Review by Camden Ferrell
Life inside of North Korea is a cruel yet enigmatic experience that most could not begin to comprehend. Their atrocities and indoctrination are things of horrifying infamy, but due to their isolated nature, there is still a troubling mystery around the lives of their citizens. Director Madeleine Gavin aims to pull back the curtain on these people as she documents several of their journeys as they attempt to defect from North Korea. This is an undeniably harrowing documentary that is one-of-a-kind and full of dramatic tension as well as profound and upsetting emotion.
Seungeun Kim may appear to most as a mild-mannered Pastor, but he also spends his time aiding defectors in North Korea on their quest for freedom. This includes people like the Roh family who must travel through multiple countries to safety as well as Soyeon Lee, a defector in South Korea who is trying to get her son out of North Korea safely. These stories are told and balanced with insightful commentary and revolutionary secret never-before-seen footage from inside of North Korea. These are fascinating stories that highlight the struggles faced by North Korean citizens while also providing captivating insight from people who have spent their lives in isolation from the rest of the world.
From a filmmaking standpoint, nobody can deny how well the narrative of this movie is crafted. It feels like something pulled out of a thriller movie. The anxiety and fear are present in the viewer as they watch the perilous quest out of North Korea, and Gavin excels in grounding the film, so audiences truly understand that these are real people who are under the all too real threat of death and torture for trying to seek freedom. The inherent empathy of this story’s realism is paramount to making this film work, and Gavin deeply understands this.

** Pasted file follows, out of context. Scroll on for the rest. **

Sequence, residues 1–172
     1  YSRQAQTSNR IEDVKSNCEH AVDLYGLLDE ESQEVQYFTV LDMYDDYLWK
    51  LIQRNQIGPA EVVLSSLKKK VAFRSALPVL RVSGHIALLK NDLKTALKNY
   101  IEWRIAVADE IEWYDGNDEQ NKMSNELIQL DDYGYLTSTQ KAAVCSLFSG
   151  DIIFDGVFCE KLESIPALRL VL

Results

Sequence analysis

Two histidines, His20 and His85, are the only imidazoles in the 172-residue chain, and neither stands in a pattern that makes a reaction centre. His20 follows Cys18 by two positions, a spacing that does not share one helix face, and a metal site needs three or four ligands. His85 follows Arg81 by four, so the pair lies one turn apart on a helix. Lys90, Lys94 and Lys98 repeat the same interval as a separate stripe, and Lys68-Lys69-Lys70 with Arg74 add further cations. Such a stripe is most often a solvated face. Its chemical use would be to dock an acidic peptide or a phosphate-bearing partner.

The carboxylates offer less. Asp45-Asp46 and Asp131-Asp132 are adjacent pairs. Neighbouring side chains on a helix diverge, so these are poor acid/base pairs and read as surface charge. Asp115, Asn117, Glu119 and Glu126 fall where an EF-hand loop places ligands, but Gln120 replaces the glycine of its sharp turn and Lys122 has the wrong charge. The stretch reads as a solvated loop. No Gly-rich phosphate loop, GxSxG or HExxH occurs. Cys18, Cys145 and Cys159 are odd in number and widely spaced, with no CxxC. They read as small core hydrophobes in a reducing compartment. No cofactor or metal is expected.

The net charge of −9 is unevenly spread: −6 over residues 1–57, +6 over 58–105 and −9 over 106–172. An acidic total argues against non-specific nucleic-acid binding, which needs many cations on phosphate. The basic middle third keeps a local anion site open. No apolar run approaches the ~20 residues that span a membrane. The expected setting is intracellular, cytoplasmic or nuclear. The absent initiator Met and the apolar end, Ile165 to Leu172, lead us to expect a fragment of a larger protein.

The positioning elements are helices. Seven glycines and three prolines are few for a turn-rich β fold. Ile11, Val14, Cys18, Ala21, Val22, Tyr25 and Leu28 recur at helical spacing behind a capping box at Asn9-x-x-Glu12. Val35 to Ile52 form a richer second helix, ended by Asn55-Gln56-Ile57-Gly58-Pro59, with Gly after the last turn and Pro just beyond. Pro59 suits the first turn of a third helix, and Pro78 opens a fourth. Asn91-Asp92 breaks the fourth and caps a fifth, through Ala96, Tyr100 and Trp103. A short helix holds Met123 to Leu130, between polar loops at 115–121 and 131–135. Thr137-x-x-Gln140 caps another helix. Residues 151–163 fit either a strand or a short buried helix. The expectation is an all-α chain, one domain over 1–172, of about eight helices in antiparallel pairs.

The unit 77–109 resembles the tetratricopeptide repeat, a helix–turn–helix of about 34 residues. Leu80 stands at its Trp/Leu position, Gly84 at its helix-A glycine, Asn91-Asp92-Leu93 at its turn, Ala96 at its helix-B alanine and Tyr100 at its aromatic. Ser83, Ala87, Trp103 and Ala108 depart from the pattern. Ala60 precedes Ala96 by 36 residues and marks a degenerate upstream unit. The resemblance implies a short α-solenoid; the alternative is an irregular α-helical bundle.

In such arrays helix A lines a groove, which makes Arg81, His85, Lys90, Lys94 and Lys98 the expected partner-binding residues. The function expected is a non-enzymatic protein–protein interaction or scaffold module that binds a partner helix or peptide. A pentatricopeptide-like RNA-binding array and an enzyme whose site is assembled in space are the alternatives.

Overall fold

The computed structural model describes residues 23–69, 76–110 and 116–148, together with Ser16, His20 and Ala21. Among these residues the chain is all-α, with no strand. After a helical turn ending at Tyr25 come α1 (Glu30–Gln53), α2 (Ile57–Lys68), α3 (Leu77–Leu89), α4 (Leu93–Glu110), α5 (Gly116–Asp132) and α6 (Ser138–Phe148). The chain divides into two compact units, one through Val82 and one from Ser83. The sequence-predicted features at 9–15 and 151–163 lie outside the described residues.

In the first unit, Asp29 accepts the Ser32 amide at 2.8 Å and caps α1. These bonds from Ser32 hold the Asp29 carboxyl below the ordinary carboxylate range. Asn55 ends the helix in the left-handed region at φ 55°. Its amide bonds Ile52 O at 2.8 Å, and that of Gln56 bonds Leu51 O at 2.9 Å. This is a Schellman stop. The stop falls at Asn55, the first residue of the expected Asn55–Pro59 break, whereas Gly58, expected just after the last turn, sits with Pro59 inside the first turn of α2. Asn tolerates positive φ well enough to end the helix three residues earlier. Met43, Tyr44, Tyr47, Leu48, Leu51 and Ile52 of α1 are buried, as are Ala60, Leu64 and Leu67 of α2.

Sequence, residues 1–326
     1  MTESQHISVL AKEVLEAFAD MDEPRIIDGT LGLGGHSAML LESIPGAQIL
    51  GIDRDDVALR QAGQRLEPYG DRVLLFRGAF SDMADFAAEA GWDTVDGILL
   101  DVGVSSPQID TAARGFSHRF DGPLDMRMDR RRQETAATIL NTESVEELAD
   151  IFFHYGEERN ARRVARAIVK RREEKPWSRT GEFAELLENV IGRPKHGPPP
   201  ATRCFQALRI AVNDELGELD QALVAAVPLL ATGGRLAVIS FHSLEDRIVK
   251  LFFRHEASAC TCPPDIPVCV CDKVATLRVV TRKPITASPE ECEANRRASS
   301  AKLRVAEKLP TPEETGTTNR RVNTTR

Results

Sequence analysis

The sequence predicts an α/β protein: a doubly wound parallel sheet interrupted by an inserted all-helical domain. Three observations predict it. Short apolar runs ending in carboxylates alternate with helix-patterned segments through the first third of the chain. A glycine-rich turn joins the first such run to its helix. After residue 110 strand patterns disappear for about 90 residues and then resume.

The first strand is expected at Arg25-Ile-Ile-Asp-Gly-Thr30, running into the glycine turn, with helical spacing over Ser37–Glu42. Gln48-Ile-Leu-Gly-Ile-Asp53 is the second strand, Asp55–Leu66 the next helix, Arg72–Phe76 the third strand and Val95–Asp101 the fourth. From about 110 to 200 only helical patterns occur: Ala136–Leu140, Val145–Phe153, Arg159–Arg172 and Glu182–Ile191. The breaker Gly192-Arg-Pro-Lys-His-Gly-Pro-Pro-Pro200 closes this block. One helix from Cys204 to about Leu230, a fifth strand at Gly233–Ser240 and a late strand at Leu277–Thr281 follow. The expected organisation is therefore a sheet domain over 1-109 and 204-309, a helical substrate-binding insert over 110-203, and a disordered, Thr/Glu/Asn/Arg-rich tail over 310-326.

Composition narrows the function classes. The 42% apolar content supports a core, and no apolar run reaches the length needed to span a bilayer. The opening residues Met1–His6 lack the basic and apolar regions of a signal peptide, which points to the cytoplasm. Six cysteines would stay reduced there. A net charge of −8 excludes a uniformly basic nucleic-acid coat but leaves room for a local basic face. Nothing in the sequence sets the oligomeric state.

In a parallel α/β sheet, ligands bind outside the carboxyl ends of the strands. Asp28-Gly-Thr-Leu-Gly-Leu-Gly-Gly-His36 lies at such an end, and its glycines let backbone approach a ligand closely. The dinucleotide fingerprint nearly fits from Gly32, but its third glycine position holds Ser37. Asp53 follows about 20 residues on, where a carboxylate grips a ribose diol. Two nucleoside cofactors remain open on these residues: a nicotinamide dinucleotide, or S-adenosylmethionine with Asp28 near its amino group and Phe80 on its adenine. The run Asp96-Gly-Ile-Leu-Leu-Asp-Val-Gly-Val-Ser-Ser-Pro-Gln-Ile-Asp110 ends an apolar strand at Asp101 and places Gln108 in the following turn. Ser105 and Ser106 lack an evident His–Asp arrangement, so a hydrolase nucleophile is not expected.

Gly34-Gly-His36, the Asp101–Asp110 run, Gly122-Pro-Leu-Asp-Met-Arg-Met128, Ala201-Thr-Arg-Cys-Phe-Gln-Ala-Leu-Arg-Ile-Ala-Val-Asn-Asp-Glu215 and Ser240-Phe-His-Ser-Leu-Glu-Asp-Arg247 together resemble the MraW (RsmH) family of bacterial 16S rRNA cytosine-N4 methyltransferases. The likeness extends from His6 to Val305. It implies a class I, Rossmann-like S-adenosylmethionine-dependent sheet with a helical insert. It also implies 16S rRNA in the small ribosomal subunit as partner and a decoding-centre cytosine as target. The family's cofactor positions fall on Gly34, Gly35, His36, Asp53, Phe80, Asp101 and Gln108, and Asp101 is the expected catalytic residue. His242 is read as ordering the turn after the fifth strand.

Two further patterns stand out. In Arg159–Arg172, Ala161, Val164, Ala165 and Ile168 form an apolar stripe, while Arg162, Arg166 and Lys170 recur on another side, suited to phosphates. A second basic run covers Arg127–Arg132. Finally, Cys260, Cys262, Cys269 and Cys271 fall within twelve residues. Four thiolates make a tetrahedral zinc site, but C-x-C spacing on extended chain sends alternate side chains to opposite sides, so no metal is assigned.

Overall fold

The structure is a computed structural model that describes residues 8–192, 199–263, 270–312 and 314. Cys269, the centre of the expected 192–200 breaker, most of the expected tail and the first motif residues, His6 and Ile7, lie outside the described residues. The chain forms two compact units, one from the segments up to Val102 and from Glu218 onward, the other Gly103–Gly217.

The subjects of this film are able to maintain the audience’s attention in a gripping way from start to finish. Their own unique experiences are interesting to hear, and one must commend the subjects’ bravery in allowing themselves to be candid and vulnerable about their experiences in North Korea. Pastor Kim is a sympathetic and lovable person in this movie, and it’s easy to empathize with his mission and goals. It’s impossible to truly understand what they have been through, but their testimony is as close as one could ever hope to get to understanding.
Even in a movie filled with the nail-biting suspense of escaping from North Korea, the most harrowing aspect of this film was witnessing the effects of indoctrination on multiple generations of defectors. Growing up in a country completely cut off from the rest of the world and having a leader who is defied in every home can have a substantial impact on the way one views the world, their society, and themselves. This documentary gets first-hand accounts of these effects on young children and the elderly alike. It’s a brilliantly sad experience that is profound and heartbreaking and must be seen to be appreciated.
There has never been a documentary like Beyond Utopia before. The footage captured within the borders of North Korea is fascinating, and the stories told through this film are powerful and essential viewing. Madeleine Gavin has constructed one of the best documentaries of 2023 and perhaps one of the most important ones ever made. This is a film that deserves to be seen even if it breaks your heart.
Beyond Utopia is in theaters October 23.